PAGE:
The current package of tax breaks, most of which expired at the end of December 2013, is halfway to extension. As stated, the Senate Finance Committee acted in April to extend the 55 tax breaks for two years – normally, it’s a one-year lease on life – and yes, the benefits would be retroactive to January 1, 2014. Included in the Senate package are the $1 per gallon blender’s tax credit on biodiesel primarily used in surface transportation fuels and a $1 per gallon blender’s tax credit on renewable diesel used in various industrial applications and as an emerging jet fuel. Also extended is the alternative fuel mixture tax credit, 50 cents per gallon – deducted from corporate excise tax liability – for the use of by-products as heating oil and boiler fuel.
Senator Ron Wyden (D-OR), the newly installed chair of the tax-writing finance panel, made it clear during committee action on the extenders legislation, “this is the last extenders bill this committee will authorize during my chairmanship,” referring to his overarching plan to get the extenders bill renewed so it can be formally part of the next Congress’ planned cage fight over comprehensive federal tax reform.
The Wyden plan on dealing with the long-term fate of the extenders, including those for biofuels, is the same plan from which Representative Dave Camp (R-MI), lame duck chair of the House Ways and Means Committee, is operating. However, Camp decided he would not deal with the extenders package as a single bill or grant them short-term extension. He wants to vet each tax break individually, and those that pass committee would be made permanent and lumped by type of tax break into a single bill.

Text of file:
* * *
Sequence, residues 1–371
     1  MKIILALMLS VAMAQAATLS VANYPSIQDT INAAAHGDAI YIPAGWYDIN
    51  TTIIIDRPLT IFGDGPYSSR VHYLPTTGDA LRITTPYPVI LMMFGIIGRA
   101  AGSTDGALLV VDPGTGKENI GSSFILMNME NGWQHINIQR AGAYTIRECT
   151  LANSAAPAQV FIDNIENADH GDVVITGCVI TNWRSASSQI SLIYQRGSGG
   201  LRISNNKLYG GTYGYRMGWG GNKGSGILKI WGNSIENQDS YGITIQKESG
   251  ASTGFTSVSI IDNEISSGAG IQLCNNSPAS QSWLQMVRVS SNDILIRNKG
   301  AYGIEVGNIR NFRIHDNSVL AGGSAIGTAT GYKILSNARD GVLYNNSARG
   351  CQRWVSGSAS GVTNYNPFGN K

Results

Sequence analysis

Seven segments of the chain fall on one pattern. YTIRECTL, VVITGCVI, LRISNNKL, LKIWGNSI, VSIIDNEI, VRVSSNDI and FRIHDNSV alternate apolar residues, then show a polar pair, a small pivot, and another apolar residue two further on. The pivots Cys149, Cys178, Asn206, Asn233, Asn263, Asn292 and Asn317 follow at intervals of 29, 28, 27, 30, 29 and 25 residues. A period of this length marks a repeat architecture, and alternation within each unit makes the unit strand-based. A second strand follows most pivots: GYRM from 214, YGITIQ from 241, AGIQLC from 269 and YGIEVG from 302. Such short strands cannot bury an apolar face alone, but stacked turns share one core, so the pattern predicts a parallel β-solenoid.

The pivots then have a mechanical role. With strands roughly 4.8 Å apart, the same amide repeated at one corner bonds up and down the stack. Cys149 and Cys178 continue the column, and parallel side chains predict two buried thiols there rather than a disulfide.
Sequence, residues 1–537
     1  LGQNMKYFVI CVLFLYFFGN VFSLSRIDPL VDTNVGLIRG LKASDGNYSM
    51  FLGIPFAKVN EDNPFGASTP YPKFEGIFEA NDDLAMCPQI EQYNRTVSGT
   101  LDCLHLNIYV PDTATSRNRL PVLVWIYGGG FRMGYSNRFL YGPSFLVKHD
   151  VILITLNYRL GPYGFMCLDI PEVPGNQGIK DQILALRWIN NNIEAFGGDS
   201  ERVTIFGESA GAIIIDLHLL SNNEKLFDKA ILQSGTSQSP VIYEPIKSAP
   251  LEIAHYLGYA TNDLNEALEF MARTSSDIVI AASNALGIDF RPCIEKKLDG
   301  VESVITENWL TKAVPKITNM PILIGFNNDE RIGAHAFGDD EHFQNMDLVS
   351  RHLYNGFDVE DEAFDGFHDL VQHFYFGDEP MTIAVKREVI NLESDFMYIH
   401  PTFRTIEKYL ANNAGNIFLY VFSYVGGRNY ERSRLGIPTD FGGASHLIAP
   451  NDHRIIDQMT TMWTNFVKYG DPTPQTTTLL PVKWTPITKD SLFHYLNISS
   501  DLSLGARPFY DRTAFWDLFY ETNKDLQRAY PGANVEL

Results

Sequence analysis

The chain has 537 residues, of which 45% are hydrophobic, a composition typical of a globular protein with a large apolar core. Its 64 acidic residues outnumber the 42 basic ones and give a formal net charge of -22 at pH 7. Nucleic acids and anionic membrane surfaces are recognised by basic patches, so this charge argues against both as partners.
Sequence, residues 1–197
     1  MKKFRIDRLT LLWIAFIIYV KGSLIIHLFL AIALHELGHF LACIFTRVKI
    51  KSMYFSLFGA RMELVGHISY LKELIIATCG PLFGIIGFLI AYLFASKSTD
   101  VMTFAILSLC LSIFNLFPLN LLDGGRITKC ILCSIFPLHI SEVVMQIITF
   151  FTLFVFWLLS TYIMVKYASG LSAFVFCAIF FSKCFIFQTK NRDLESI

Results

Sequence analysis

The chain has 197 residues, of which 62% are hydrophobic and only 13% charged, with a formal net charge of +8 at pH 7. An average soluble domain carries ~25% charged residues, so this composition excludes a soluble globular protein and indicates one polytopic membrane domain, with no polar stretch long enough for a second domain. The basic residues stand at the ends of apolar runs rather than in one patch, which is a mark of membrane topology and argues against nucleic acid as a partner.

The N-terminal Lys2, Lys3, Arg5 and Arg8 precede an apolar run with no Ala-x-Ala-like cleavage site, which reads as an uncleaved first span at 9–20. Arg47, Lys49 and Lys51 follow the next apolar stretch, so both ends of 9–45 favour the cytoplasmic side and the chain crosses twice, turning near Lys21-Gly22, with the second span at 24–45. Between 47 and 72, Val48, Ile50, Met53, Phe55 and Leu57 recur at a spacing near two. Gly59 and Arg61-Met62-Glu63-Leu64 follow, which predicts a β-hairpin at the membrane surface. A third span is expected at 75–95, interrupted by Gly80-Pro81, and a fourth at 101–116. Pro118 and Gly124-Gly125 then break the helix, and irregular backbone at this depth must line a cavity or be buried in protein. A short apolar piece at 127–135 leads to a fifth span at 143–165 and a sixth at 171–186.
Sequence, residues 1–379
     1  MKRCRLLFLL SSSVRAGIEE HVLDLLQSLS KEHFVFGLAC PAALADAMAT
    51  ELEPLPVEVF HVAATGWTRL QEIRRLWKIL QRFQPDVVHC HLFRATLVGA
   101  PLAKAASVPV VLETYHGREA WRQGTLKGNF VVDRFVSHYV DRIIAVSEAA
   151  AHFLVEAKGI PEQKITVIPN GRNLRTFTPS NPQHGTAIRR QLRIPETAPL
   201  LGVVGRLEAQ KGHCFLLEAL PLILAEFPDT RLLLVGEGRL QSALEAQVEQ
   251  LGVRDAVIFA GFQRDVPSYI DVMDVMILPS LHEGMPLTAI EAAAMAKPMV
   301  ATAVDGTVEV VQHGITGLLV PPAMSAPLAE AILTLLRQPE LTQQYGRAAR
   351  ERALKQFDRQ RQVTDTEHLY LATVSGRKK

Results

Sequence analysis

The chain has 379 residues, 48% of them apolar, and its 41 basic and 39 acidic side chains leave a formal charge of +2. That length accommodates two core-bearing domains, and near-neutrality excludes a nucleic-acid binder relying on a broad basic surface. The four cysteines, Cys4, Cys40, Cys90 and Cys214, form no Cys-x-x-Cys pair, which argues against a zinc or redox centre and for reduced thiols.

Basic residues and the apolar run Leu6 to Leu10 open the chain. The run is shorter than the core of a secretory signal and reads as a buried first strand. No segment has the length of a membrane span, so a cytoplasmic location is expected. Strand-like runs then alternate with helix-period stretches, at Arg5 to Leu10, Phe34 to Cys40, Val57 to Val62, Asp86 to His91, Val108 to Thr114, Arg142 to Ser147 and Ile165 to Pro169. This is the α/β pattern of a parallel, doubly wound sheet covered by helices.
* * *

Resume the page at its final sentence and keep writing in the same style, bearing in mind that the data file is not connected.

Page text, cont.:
The most expensive and popular of the tax provisions – the 20 percent research and development tax credit at $155 billion over 10 years – was approved and made permanent by the House Ways and Means Committee in late April, along with five other business provisions. The cost of those additional five credits kicks the total 10-year price tag to $310 billion. Research and development is a huge business priority and while a separate bill to make the credit permanent carried strong bipartisan support, the tax extension was approved on a straight party-line vote.
Democrats who cosponsored the research and development bill walked away because House Democrat leadership pounced on the chance in an election year to use the business-friendly tax extenders package to point out that Republicans are hypocrites on spending, willing to enact billions in tax breaks for business and adding to the deficit, while refusing to enact an extension of unemployment benefits or other social program measures without a cost offset.
House Minority Whip Steny Hoyer (D-MD) used a floor exchange with House Majority Leader Eric Cantor (R-VA) in early May to point out this alleged GOP hypocrisy, adding his party will block the tax extenders measures until unemployment benefits extension and comprehensive immigration reform are dealt with by the House. Immigration was thrown into the mix because Hoyer contends the savings from reform would more than pay for the extenders package.
If this is the summertime pre-election game, then it’s unlikely the extenders package – or much else for that matter – will be approved before the election. However, once election pressures are past, the tax package will likely move during the post-election lame duck session.
So, for our friends in the animal fat-based biodiesel/renewable diesel business – and those renderers who sell feedstocks to the biodiesel/renewable diesel folks – look most probably for a Christmas gift in the form of those on-again, off-again tax credit checks, with benefits retroactive to January 1, 2014.
June 2014 RENDER | back